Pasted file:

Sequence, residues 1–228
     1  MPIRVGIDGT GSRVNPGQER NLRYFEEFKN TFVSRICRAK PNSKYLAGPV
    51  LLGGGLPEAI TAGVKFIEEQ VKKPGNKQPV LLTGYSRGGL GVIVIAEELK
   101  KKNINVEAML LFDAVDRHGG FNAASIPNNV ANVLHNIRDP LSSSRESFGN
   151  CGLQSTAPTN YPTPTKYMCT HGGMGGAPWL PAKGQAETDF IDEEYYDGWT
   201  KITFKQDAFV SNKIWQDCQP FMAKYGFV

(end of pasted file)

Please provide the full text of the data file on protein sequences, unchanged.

Sequence, residues 1–228
     1  MPIRVGIDGT GSRVNPGQER NLRYFEEFKN TFVSRICRAK PNSKYLAGPV
    51  LLGGGLPEAI TAGVKFIEEQ VKKPGNKQPV LLTGYSRGGL GVIVIAEELK
   101  KKNINVEAML LFDAVDRHGG FNAASIPNNV ANVLHNIRDP LSSSRESFGN
   151  CGLQSTAPTN YPTPTKYMCT HGGMGGAPWL PAKGQAETDF IDEEYYDGWT
   201  KITFKQDAFV SNKIWQDCQP FMAKYGFV